The joint venture is led by Highlands and Islands Enterprise (HIE) and Orkney Islands Council (OIC) to support the growing research and innovation activity and the expansion of companies in Orkney’s marine renewables.
Tracy brings a wealth of experience to the role. She is an executive member of the British Geological Survey (BGS) and co-director of the Lyell Centre in Edinburgh. The centre is a pioneering global research facility for earth and marine science and technology and enables the BGS and Heriot-Watt University to build on their joint expertise.
Tracy has previously held positions as associate director of the Scottish Association for Marine Science (SAMS) in Oban and was the former managing director of SAMS Research Services Ltd (SRSL) based at the European Marine Science Park in Oban which provides specialist marine consultancy and survey services.
Tracy obtained an MSc from Strathclyde University and a PhD in geoscience from Edinburgh University and has over 30 years’ experience in environmental geochemistry.
Her working time is divided between the Highlands and Islands where she lives in Oban, and Edinburgh where she works at the Lyell Centre.
Tracy currently serves on the Norwegian New Knowledge on Sea Disposal (NYKOS) advisory board and is a member of the Department for Business, Energy and Industrial Strategy (BEIS) Deep-Sea Mining Working Group. She is also Chair of a working group of the joint Group of Experts on the Scientific Aspects of Marine Environmental Protection (GESAMP).
Work is underway by the main contractor, Kirkwall based R Clouston Limited to refurbish, update and extend the old Academy and former Stromness Primary School buildings and improve access roads, paths and landscaping.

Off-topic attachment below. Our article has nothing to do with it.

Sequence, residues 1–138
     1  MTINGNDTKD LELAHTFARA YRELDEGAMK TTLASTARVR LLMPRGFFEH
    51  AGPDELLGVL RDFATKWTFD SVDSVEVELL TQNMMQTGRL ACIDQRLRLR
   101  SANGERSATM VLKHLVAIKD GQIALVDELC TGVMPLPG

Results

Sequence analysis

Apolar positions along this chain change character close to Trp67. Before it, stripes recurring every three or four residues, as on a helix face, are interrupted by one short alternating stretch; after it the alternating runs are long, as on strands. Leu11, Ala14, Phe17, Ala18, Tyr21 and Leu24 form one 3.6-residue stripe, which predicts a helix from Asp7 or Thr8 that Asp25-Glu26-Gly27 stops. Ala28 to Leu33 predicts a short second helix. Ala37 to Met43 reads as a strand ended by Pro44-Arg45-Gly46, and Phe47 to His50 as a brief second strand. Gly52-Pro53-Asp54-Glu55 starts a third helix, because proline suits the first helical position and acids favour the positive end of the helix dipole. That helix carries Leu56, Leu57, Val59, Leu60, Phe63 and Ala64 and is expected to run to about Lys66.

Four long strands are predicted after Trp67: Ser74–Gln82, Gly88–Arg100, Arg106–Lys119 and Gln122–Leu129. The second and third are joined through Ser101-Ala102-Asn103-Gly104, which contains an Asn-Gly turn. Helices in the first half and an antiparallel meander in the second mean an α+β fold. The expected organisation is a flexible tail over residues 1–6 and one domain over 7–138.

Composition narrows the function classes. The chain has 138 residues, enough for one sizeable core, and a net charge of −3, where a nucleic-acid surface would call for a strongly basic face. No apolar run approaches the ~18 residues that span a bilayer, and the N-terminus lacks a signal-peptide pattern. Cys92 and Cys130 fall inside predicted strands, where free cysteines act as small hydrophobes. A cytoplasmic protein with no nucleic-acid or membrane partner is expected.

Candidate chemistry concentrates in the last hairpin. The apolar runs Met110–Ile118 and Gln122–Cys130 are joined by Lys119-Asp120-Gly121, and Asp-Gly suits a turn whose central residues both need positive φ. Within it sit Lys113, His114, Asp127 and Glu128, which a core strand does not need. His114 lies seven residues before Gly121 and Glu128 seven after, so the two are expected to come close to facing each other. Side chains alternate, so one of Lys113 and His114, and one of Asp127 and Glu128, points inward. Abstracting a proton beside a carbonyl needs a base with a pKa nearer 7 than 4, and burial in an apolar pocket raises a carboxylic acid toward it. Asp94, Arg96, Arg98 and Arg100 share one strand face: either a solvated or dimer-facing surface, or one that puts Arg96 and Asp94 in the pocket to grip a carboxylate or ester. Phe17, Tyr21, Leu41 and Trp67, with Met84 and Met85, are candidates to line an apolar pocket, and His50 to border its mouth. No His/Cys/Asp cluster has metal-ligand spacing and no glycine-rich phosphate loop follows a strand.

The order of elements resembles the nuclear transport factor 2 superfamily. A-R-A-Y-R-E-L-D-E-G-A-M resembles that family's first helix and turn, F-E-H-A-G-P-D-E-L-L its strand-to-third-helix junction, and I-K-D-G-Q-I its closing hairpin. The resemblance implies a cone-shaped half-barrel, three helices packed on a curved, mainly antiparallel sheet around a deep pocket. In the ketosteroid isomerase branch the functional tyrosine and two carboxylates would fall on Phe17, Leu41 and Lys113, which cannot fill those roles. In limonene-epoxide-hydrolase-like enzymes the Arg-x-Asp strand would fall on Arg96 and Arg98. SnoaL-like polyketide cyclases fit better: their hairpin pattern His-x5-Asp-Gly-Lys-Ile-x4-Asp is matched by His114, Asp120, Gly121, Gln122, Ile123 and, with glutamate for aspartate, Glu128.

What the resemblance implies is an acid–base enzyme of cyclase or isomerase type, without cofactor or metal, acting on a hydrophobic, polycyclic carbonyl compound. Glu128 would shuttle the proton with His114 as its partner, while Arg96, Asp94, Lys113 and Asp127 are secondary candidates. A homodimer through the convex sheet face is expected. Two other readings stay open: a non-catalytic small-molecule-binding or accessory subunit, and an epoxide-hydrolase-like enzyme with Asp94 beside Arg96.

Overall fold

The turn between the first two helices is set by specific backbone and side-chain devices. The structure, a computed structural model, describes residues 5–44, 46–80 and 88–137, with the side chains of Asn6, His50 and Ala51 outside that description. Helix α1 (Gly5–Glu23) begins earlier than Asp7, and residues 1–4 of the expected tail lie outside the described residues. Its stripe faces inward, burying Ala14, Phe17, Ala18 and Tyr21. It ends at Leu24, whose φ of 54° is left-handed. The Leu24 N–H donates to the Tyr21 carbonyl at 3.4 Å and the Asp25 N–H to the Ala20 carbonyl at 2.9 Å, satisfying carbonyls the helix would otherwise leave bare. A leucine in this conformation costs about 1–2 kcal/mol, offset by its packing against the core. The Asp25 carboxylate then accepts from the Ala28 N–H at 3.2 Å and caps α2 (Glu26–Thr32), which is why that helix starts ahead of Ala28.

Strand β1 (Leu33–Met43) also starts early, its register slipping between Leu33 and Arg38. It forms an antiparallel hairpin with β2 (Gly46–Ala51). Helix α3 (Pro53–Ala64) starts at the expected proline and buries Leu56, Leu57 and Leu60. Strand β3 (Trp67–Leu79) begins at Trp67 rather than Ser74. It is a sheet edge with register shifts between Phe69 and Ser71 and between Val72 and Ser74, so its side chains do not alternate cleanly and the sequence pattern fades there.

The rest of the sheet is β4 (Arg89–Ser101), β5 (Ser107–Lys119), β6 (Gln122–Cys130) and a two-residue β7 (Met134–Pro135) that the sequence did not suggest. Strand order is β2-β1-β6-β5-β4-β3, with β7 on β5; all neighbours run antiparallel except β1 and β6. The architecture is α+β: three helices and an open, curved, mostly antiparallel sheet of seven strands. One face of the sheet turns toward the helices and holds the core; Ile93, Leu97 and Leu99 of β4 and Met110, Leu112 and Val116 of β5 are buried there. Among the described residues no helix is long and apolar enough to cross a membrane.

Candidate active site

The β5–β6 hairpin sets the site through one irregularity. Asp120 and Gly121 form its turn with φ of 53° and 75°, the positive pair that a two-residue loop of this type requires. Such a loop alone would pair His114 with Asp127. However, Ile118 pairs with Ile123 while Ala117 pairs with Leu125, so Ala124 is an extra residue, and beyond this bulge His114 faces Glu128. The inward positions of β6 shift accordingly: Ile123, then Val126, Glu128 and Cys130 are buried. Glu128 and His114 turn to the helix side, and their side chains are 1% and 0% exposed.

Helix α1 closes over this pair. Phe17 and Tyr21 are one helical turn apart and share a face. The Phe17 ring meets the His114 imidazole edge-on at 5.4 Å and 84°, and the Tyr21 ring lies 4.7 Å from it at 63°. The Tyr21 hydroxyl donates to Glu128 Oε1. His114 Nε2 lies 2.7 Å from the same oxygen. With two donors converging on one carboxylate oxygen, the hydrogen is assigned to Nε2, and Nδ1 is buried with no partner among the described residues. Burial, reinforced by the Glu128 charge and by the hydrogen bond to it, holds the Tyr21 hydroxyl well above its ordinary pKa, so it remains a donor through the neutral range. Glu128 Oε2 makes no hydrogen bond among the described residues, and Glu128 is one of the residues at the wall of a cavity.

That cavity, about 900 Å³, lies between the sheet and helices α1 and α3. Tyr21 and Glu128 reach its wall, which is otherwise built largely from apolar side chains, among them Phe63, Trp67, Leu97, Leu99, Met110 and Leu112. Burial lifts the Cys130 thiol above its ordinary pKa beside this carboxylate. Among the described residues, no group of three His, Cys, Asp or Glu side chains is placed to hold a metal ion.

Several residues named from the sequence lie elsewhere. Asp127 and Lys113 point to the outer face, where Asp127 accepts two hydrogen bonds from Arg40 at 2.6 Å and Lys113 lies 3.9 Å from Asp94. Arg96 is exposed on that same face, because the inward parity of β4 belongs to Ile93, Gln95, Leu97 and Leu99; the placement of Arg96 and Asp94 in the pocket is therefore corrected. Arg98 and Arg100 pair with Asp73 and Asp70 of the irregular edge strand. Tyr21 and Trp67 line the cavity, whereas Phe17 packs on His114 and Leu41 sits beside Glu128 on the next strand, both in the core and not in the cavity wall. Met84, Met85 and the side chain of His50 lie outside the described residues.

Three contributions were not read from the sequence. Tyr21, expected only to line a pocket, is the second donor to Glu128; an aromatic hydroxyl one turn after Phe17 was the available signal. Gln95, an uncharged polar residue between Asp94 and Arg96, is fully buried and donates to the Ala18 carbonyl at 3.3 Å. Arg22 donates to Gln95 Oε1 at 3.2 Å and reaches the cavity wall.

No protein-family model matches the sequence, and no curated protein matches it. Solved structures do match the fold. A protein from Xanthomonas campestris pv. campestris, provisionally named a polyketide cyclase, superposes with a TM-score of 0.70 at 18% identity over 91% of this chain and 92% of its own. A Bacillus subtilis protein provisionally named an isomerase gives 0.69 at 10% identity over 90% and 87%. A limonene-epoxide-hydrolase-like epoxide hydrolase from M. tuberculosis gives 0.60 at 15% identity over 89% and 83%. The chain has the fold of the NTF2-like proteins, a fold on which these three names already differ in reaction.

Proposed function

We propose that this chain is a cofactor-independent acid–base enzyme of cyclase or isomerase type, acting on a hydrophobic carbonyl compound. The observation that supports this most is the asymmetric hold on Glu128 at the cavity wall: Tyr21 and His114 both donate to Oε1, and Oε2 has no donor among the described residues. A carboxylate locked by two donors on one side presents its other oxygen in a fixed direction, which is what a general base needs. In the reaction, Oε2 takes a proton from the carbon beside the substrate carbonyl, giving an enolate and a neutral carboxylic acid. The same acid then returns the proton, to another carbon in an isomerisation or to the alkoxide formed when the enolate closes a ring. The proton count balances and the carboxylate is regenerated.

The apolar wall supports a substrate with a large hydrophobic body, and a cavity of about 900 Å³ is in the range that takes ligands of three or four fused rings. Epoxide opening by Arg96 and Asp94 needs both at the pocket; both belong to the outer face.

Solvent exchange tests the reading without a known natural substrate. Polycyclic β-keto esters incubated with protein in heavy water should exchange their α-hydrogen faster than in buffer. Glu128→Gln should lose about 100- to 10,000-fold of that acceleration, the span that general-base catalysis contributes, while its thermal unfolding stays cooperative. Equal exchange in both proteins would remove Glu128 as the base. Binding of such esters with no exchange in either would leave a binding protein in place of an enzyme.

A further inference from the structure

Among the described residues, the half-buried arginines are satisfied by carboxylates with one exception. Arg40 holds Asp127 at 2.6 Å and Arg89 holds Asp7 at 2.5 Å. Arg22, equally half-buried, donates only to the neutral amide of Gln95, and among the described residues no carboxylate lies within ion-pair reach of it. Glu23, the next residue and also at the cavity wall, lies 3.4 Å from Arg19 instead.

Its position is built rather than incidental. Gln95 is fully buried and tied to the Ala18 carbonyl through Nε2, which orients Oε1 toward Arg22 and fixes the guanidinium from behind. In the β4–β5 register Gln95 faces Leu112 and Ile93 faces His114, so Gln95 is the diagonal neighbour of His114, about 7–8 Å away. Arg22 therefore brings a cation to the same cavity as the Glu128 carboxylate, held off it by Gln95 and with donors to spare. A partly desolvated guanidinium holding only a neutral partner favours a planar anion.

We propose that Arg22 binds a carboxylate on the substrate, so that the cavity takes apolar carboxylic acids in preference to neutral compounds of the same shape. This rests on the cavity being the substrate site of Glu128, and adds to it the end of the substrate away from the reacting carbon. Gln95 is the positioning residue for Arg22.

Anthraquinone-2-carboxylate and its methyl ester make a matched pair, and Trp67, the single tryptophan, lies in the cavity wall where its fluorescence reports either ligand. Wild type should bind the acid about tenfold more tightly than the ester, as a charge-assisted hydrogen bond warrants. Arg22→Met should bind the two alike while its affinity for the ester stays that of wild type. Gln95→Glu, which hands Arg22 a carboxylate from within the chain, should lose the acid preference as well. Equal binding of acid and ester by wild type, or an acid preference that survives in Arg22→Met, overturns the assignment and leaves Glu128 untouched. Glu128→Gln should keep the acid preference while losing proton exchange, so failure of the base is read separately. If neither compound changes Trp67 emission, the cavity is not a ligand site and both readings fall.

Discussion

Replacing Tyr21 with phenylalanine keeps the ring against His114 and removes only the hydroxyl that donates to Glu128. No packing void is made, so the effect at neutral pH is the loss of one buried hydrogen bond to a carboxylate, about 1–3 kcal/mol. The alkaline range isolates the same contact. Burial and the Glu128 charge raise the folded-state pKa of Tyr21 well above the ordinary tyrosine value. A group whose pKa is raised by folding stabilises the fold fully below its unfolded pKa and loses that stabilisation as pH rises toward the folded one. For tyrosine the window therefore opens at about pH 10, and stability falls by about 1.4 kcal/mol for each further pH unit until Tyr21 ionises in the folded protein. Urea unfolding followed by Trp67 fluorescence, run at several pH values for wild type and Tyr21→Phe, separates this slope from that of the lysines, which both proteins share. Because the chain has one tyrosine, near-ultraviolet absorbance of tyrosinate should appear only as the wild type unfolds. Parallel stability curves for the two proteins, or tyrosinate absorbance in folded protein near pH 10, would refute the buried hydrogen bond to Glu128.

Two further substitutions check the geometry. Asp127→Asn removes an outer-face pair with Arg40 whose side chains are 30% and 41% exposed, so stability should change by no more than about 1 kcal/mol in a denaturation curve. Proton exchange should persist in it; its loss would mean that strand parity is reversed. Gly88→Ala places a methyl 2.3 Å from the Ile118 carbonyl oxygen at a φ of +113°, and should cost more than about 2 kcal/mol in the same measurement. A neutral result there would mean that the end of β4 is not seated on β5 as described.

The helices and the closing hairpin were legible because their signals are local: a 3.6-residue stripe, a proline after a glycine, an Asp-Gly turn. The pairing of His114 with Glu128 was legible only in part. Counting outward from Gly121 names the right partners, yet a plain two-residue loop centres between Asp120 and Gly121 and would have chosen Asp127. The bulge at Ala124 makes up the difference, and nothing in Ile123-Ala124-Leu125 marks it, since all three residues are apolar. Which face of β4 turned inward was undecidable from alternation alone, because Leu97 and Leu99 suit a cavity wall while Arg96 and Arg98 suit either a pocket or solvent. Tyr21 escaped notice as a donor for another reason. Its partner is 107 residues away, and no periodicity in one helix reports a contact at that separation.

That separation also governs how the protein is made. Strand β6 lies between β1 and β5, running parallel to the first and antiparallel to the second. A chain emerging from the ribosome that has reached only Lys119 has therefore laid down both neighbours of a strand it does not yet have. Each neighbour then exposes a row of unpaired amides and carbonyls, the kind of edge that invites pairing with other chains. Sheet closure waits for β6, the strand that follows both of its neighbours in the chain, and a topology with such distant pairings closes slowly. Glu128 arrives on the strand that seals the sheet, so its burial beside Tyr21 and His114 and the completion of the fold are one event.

HIE is investing £4.65 million in the campus project, including £1.48 million of European Regional Development Fund (ERDF) money. OIC is investing £2 million, including £0.5 million of Scottish Government Regeneration Funding, in addition to transferring ownership of the Old Academy and former Stromness primary school to the partnership.
The Old Academy is already home to the European Marine Energy Centre, Heriot Watt University’s International Centre for Island Technology, environmental consultants Aquatera and number of other businesses. The project will also attract additional research activities to Orkney, both from the commercial and academic worlds.
Tracy’s role as Chair of ORIC will be to provide leadership to the ORIC Board during the three-year appointment, which will involve a time commitment of up to 20 days per annum.
She said: “I am very excited to take on this role and provide leadership for the research and innovation campus. Orkney was the centre for innovation for the British Isles 5000 years ago and I will work with partners to ensure Orkney once again leads discovery and innovation attracting further research and commercial organisations with an interest in carrying out ventures in an island setting. I am very optimistic about the future employment and business opportunities for Orkney and ORIC will be key in developing these opportunities from both academia and business.”
Graeme Harrison, HIE area manager in Orkney, said: “We are delighted to appoint Tracy and we look forward to working with her to bring this important development to fruition. We are currently working with the contractor and with OIC to develop the centre which will support the growth of existing businesses and the creation of new ones, as well as provide more opportunities to attract and retain young people to live, work and study.”
James Stockan, Leader of Orkney Islands Council, said: “This is an important step for the project and I welcome Tracy’s appointment. Research and innovation are at the heart of our ambitions for Orkney’s future development and prosperity. The campus will create 21st century centre of excellence that will generate new jobs and activity in Stromness, greatly benefiting the town and Orkney as a whole.”